• 8. MINISTRY OF INFRASTRUCTURE, TRANSPORTATION AND NETWORKS EARTHQUAKE PLANNING AND PROTECTION ORGANIZATION INSTITUTE OF ENGINEERING SEISMOLOGY & EARTHQUAKE ENGINEERING (ITSAK) Figure 1.5. Acceleration, velocity and displacement time histories recorded at Argostoli (ARG2) station and their corresponding pseudo –velocity and acceleration response spectra for the mainshockof 26/1/2014, 13:55GMT (M6.1) and damping D=0.05.
  • 9. MINISTRY OF INFRASTRUCTURE, TRANSPORTATION AND NETWORKS EARTHQUAKE PLANNING AND PROTECTION ORGANIZATION INSTITUTE OF ENGINEERING SEISMOLOGY & EARTHQUAKE ENGINEERING (ITSAK) Figure 1.6. Acceleration, velocity and displacement time histories recorded at Vasilikades (VSK1) station and their corresponding pseudovelocity and acceleration response spectra for the mainshock of 26/1/2014, 13:55GMT (M6.1) and damping D=0.05.
  • 10. MINISTRY OF INFRASTRUCTURE, TRANSPORTATION AND NETWORKS EARTHQUAKE PLANNING AND PROTECTION ORGANIZATION INSTITUTE OF ENGINEERING SEISMOLOGY & EARTHQUAKE ENGINEERING (ITSAK) Figure 1.7. Acceleration, velocity and displacement time histories recorded at Argostoli (ARG2) station and their corresponding pseudo–velocity and acceleration response spectra for the aftershock of 26/1/2014, 18:44GMT (M5.5) and damping D=0.05.
  • 11. MINISTRY OF INFRASTRUCTURE, TRANSPORTATION AND NETWORKS EARTHQUAKE PLANNING AND PROTECTION ORGANIZATION INSTITUTE OF ENGINEERING SEISMOLOGY & EARTHQUAKE ENGINEERING (ITSAK) Figure 1.8. Acceleration, velocity and displacement time histories recorded at Vasilikades (VSK1) station and their corresponding pseudo–velocity and acceleration response spectra for the aftershock of 26/1/2014, 18:44GMT(M5.5) and damping D=0.05.
  • 12. MINISTRY OF INFRASTRUCTURE, TRANSPORTATION AND NETWORKS EARTHQUAKE PLANNING AND PROTECTION ORGANIZATION INSTITUTE OF ENGINEERING SEISMOLOGY & EARTHQUAKE ENGINEERING (ITSAK) According to information compiled by Papazachos and Papazachou (1997, 2003) since mid of 15th century AD the causative fault where the mainshock of 26/1/2014 occurred, produced events whose maximum magnitude reached M7.2. The most recent large event on the causative fault occurred in January 17, 1983 with magnitude M7.0. Despite its large magnitude this event caused a macroseismic intensity IMM=VI (Bulletin of Geodynamic Inst., NOA) while a peak ground acceleration of 0.17g was recorded at an epicentral distance of 35km in Argostoli (Theodoulidis et al., 2004). In Fig. 1.9, comparison of acceleration response spectra recorded at Argostoli of the 26/1/2014 (M6.1) earthquake with that of 17/1/1983 (M7.0), is presented. For periods less than 1.2sec, ground motion of the recent event is much stronger (two to three times) than that of 1983, which is probably due to shorter hypocenter-to-station distance. Figure 1.9. Comparison of horizontal components acceleration response spectra of the 17/1/1983 (M7.0) and 26/1/1983 (M6.1), Cephalonia earthquakes.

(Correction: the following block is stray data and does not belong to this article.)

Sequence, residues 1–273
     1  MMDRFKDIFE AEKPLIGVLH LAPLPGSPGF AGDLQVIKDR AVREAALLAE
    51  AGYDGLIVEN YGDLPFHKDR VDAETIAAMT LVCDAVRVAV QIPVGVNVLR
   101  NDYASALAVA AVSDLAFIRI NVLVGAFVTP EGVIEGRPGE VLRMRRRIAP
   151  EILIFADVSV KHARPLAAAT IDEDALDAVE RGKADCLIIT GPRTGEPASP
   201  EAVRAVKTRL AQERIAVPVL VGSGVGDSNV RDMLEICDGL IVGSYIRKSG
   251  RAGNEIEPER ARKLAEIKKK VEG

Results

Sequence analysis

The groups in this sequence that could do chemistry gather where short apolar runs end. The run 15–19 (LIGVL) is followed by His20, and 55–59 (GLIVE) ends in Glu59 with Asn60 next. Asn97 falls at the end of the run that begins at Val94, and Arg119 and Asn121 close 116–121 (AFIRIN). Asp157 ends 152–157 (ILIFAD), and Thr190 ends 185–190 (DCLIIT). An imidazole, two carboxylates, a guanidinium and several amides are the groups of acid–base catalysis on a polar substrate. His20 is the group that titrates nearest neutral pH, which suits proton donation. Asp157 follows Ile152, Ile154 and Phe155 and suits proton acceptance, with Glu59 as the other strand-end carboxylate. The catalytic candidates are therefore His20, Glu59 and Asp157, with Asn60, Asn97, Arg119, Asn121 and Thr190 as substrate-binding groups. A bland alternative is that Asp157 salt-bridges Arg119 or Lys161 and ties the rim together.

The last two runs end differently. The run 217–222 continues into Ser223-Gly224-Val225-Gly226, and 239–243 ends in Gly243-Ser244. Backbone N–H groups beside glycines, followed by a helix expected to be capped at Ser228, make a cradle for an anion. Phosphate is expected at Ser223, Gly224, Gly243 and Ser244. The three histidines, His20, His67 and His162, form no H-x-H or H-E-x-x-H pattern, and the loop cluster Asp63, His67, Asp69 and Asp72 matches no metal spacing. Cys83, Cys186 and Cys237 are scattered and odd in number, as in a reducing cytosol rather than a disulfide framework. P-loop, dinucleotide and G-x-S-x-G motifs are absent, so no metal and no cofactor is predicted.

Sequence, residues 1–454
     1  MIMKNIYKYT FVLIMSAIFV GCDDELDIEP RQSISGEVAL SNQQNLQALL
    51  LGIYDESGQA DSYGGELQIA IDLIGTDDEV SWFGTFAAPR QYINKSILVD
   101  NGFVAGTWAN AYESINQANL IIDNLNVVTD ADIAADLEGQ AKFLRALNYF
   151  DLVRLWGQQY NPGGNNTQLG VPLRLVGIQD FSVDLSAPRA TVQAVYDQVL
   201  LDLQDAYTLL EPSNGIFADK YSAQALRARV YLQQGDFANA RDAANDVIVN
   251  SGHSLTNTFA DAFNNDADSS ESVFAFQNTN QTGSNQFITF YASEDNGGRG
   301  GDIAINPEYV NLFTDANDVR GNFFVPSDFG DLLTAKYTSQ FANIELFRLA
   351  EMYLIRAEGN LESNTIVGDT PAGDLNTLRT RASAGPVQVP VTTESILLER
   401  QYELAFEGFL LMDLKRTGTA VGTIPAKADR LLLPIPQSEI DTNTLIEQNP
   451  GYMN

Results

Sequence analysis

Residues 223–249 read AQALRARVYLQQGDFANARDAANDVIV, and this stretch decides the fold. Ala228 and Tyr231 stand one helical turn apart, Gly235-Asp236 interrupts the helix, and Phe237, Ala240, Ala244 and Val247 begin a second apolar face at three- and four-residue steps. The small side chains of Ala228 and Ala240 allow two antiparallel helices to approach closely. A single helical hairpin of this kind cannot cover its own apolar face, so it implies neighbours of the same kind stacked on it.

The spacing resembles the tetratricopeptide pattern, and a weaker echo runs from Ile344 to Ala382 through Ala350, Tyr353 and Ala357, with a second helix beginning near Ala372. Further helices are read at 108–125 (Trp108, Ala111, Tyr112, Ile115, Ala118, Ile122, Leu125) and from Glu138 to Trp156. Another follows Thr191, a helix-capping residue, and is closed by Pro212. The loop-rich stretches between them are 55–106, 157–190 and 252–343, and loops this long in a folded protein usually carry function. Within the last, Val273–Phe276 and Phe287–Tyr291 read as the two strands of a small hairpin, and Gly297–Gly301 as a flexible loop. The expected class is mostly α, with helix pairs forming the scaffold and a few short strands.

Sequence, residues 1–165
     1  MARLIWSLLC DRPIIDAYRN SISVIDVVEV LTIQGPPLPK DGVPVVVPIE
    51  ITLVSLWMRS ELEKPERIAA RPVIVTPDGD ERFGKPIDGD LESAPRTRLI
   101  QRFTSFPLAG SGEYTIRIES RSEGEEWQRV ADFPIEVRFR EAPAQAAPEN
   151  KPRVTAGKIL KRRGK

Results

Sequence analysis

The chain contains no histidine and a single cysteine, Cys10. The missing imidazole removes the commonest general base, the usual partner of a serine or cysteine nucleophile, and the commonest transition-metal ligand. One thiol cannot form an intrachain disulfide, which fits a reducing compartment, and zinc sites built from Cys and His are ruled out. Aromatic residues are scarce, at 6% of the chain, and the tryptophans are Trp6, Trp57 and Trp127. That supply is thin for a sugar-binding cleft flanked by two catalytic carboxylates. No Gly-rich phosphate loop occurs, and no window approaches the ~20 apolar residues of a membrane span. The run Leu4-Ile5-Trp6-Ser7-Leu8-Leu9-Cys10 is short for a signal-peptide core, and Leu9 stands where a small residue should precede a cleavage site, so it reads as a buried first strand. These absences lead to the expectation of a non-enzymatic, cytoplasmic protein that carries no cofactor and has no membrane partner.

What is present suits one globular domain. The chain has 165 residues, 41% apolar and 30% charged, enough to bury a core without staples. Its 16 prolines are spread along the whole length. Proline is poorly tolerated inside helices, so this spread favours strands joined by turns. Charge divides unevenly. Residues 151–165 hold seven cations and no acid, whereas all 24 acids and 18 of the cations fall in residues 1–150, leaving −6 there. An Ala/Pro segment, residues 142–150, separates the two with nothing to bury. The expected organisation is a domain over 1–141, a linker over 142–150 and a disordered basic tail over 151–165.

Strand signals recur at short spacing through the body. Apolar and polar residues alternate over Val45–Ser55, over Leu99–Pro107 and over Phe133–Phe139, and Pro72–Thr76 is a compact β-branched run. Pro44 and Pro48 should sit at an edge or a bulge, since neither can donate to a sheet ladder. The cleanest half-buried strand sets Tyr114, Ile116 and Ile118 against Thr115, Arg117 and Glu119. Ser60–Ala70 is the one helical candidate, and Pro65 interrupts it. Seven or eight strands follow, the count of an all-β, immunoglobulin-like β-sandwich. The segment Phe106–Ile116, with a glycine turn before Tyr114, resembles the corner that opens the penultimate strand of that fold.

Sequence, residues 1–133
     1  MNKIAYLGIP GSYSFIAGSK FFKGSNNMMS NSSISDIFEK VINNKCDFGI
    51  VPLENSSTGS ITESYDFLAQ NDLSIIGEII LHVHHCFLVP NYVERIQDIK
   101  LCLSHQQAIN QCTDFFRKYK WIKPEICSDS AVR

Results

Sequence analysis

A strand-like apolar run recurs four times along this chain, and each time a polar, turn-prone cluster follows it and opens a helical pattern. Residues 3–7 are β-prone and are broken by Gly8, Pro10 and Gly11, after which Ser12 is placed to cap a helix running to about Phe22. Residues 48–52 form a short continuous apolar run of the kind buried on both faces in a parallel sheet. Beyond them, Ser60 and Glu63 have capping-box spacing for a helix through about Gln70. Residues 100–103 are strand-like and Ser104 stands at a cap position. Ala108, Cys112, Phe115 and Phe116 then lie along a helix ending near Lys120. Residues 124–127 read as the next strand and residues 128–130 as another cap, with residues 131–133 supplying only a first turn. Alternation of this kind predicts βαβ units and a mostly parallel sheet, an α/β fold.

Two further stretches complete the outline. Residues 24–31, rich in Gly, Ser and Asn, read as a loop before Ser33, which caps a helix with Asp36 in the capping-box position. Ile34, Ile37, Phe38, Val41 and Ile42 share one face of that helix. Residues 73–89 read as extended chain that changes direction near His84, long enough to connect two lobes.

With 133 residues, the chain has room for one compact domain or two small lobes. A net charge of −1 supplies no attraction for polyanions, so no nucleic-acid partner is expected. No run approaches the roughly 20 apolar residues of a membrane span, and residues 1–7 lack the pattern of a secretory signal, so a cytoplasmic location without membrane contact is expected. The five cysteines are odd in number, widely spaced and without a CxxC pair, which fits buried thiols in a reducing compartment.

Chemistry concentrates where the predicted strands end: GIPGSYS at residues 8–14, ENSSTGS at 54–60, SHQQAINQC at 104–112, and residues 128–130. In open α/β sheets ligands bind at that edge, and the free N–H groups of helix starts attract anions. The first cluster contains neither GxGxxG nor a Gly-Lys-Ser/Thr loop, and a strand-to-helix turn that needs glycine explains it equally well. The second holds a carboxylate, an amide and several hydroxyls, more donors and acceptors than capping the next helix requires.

• 13. MINISTRY OF INFRASTRUCTURE, TRANSPORTATION AND NETWORKS EARTHQUAKE PLANNING AND PROTECTION ORGANIZATION INSTITUTE OF ENGINEERING SEISMOLOGY & EARTHQUAKE ENGINEERING (ITSAK) 2. GEOTECHNICAL ISSUES AND SEISMIC RESPONSE OF LIFELINES 2.1. GEOLOGICAL, GEOTECHNICAL AND GEOPHYSICAL CHARACTERISTICS OF THE BROADER ARGOSTOLI AREA 2.1.1 ARG2 strong motion site The broader area of Argostoli town is characterized geologically by pliocenic sediments. From a geotectonic point of view, the above sediments are part of the Paxos zone and are composed of sandstones, conglomerates, limestones, marly limestones and marls. Above those Pliocenic sediments, marine silty clay soils form the offshore zone along the present coastline of Argostoli town. The above soil formations which are rich in fosils and organics are characterized by low stiffness and high plasticity index whereas their thickness is at 30m approximately. The geological map of the broader area of Argostoli is given in Figure 2.1. An accelerometric station (marked as CH in Figure 2.2) had been installed in the telecommunications (OTE) building in the town of Argostoli. Since 2012, a new 24bit accelerometric station (code name: ARG2) is installed in a two-story building that houses the Prefecture of Ionian Islands (Figure 2.1) located in a close distance (approximately 200m) from the old CH station. ARG2 station is currently operated by ITSAK as part of the Greek National Accelerometric Network. Figure 2.1. Geological map of the broader Argostoli area (Part of IGME map, scale 1:50.000) indicating the location of ARG2 accelerometric station.